The Uniform Commercial Code (UCC) requires businesses to observe “reasonable commercial standards” to prevent fraud. Establishing consistent fraud prevention practices is the first step in creating a fraud prevention program.
We offer the following best practices to help you create a payments fraud prevention program for your organization.
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Define your fraud prevention program
Assess your payment fraud risk, segregate payments by account and apply appropriate bank solutions.
Manage employees and organize tasks
Educate employees to recognize fraud and separate account management and cash management tasks.
Maintain a secure electronic environment
Maintain up-to-date systems and software, and establish policies and procedures that maintain secure passwords and security tokens.
Issue secure checks
Ensure your accounts are set up properly and notify your bank when changes occur relating to your check authorization.
Secure check storage
Separately maintain check supplies and check producing equipment in a secure, locked facility.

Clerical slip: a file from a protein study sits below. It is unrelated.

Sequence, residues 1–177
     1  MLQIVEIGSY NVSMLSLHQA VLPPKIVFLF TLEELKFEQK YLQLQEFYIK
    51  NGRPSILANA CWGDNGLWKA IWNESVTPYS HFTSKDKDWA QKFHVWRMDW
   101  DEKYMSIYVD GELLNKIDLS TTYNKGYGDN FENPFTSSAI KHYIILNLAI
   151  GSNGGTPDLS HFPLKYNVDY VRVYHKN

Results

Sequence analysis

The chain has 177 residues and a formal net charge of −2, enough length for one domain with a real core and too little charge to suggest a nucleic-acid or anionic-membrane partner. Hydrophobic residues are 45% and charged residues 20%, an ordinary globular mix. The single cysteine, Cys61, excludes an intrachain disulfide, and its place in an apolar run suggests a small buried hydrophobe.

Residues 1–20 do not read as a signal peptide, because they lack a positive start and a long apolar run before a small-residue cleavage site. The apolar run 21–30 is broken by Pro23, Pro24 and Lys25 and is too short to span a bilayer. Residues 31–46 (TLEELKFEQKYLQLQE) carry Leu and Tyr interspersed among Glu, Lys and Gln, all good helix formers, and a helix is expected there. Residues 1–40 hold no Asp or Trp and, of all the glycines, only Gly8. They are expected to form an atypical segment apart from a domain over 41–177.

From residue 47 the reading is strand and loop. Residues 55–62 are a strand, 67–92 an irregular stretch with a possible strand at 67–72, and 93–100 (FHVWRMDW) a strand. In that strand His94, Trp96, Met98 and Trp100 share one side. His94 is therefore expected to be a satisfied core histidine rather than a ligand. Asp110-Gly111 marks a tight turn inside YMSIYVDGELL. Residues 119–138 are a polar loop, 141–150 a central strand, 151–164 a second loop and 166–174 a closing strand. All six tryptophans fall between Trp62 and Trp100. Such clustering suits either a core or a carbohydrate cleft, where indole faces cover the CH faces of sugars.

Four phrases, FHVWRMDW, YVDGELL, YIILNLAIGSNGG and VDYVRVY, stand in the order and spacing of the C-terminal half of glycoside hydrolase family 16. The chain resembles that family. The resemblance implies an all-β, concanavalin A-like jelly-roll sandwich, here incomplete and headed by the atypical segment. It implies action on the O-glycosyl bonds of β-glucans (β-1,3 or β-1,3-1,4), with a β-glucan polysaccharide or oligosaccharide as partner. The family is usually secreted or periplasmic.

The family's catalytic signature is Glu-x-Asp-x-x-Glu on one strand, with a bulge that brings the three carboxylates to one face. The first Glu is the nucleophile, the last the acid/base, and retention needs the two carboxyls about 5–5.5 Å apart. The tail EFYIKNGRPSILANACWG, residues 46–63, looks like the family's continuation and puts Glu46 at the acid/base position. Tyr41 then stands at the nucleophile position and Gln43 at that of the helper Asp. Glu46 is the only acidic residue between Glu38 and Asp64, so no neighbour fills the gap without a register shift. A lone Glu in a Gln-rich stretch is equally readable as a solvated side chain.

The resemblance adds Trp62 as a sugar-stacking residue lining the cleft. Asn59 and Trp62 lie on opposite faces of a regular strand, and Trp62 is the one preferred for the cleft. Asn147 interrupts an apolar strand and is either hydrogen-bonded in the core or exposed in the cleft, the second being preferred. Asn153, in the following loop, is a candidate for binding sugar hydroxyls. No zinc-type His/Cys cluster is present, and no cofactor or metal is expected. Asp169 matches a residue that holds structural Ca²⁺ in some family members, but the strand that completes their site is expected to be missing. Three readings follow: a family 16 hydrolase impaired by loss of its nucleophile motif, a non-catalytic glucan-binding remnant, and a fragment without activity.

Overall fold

Accept authorized checks
Ask for appropriate identification and use check verification services to ensure check authorization.
An example of a payments fraud prevention best practice put to work
An organization initiates ACH transactions over the internet for vendor payments and payroll direct deposit. A malware-infected workstation has detected ACH payments by capturing an employee’s keystrokes. This enables the hacker to send a fraudulent ACH payment, which results in the loss of tens of thousands of dollars.
Dual controls for payment initiation and payment approval would have prevented this loss.
With new payments innovations growing, the need for greater fraud protection is essential.
Contact U.S. Bank for more information.